The other nine Marines killed were from Orange County, New York, county executive Steve Neuhaus said. The KC-130T aircraft was based in New York, officials said.
Investigators are trying to determine why the plane crashed in western Mississippi’s Leflore County on Monday afternoon, Maj. Andrew Aranda said.
The transport plane, carrying fifteen Marines and a Navy corpsman, was moving personnel and equipment from North Carolina to a western base to train before deploying, the Marine Corps said.
“The incredible demands of this dangerous and demanding calling forge some of the tightest units and family bonds found in the US military,” special operations command said. “This loss impacts us all.”
Neuhaus said the New York-based Marines will be flown back to Dover Air Force Base, then to Orange County.
Father of Marine killed: He loved to fly
Gunnery Sgt. Brendan Johnson was from Vermont. His father told WCAX and CNN that his son loved his job.
“He thought it was one of the best jobs in the Marine Corps. He really loved flying. He loved going different places,” Kevin Johnson said of his son, who spent 23 years in the Marines and was a loadmaster.
Brendan Johnson, 45, planned to retire next year, after a career that took him to Europe, Africa, South Asia and the Pacific, including deployments to Afghanistan and Iraq.
“He was looking forward to retiring, he said it’s time to let the younger kids do this,” his father said.
Report: Debris found across wide area
The flight originated from Marine Corps Air Station Cherry Point in eastern North Carolina.
Federal Aviation Administration officials contacted the Marines when the aircraft disappeared from air traffic control radar over Mississippi, officials said.
“Every resource we can pull from will be used to determine what happened,” Aranda told reporters a couple miles from the crash site.
Because the plane was carrying small-arms ammunition and weapons, an explosive ordnance disposal team was at the crash site, military officials said.
“Out of precaution, we just wanted to make sure people do not approach … just out of general safety,” Aranda said.
Flames and dark smoke rose from part of the wreckage in a field off the highway, video from WDBD on Monday showed.
Witness: Plane spiraled to ground, nose down
A witness to Monday’s crash, Andy Jones, said he heard a loud bang while working in a field near his catfish farm.
The plane spiraled, nose down, to the ground, Jones said. One of the engines appeared to be trailing white smoke, he said.
“At first it looked like an acrobatic plane, like a stunt plane, blowing the smoke out the back” he said. “Then all of a sudden you realized that the smoke was coming off one of sides of the wing.”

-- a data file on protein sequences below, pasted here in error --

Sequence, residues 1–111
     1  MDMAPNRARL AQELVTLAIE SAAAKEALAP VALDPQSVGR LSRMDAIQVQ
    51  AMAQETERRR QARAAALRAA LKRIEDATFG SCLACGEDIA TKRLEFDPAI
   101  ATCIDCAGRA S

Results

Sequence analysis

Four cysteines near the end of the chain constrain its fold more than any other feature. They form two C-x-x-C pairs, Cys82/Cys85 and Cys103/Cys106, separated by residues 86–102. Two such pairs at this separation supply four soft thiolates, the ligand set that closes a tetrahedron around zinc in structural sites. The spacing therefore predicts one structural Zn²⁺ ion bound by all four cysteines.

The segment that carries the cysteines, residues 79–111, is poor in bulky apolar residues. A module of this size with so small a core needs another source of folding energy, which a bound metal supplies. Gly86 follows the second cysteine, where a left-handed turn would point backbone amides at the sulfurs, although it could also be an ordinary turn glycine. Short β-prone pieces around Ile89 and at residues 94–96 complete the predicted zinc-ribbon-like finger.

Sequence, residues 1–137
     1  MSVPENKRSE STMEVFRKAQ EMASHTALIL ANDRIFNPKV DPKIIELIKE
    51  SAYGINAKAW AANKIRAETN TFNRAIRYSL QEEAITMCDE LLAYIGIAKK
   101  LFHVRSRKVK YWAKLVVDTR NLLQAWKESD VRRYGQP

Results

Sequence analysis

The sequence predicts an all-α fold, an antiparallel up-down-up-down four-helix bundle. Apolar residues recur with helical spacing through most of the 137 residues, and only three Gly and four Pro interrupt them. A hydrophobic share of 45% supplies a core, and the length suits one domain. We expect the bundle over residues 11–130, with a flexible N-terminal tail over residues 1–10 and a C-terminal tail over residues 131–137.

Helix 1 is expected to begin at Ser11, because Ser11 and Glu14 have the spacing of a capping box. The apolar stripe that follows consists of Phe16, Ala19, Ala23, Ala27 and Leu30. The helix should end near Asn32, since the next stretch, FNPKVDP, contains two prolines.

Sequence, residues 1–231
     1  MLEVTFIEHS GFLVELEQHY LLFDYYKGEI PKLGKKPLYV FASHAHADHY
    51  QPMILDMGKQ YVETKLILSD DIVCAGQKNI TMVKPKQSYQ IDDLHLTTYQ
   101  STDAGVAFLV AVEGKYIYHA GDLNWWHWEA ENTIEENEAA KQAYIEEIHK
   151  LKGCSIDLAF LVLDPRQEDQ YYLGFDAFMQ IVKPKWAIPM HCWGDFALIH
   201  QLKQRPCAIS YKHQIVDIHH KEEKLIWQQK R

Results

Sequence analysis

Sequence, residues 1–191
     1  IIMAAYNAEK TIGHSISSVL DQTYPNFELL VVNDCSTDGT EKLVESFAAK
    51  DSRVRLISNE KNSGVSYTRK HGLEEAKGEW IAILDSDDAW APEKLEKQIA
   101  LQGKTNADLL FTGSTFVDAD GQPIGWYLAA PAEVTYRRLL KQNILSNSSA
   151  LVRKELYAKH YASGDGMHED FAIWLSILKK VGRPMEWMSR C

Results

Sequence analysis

He called 911 after the crash. Jones said he didn’t see the impact because trees blocked his view.
He said he went out to the site and saw a bunch of mini-explosions coming from the crash.
President Donald Trump called the crash “heartbreaking.”
“Melania and I send our deepest condolences to all!” the President tweeted.
Near the crash site on Tuesday morning, David Weeks stopped along US 82 and played taps on a bugle, video from CNN affiliate WJTV shows.
“Playing taps was my way of saying, ‘thank you,'” he told CNN.
The Marines’ commandant expressed his “deepest condolences to the families of those killed in the aircraft mishap yesterday afternoon in Mississippi.”
“Please keep the families of our 16 fallen service members in your thoughts and prayers,” Gen. Robert Neller said.
Interior Secretary Ryan Zinke, who had long service as a Navy SEAL, was among officials posting condolences on social media. “Please join me in praying for or sending good thoughts to the families and unit of the Marines we lost tonight in the C 130 crash,” Zinke wrote on Twitter.
U.S. Sen. Thad Cochran, R-Mississippi, posted on Twitter: “Deeply saddened by the loss of life in today’s @USMC KC-130 crash in the Mississippi Delta. Our thoughts & prayers are w/everyone involved.”
Often used for airborne refueling, the KC-130, made by Lockheed Martin Corp., also can be used to deliver cargo, troops and equipment.
The first KC-130s appeared in 1962. Its normal range of 1,150 miles as a tanker and 3,200 miles on cargo missions gives it access to the entire war arena.
The maximum takeoff weight for the KC-130T is 175,000 pounds and its flight ceiling is 25,600 feet.
2015 crash blamed on misplaced goggles case
A US Air Force investigation blamed the crash of the C-130J on the misuse of a night-vision goggles case that the pilot had placed in front of the cockpit yoke while the plane was on the ground.
The pilot put the case there to prop up part of the plane’s tail to help the loading team deal with some tall cargo, but the case was never removed, and when the plane’s nose pitched up too far, the case blocked the yoke when the pilot tried to move it forward, the investigation report said.
Correction: An earlier version of this story incorrectly reported the FBI is at the scene of the crash. The FBI told CNN on Tuesday that it is not at the scene.
CNN’s Barbara Starr, Ryan Browne, Ellie Kaufman, Jamiel Lynch, Brian Vitagliano, Steve Almasy, Dianne Gallagher, Dave Alsup, Thom Patterson, Gisela Crespo, Ali Holston and Amanda Jackson contributed to this report.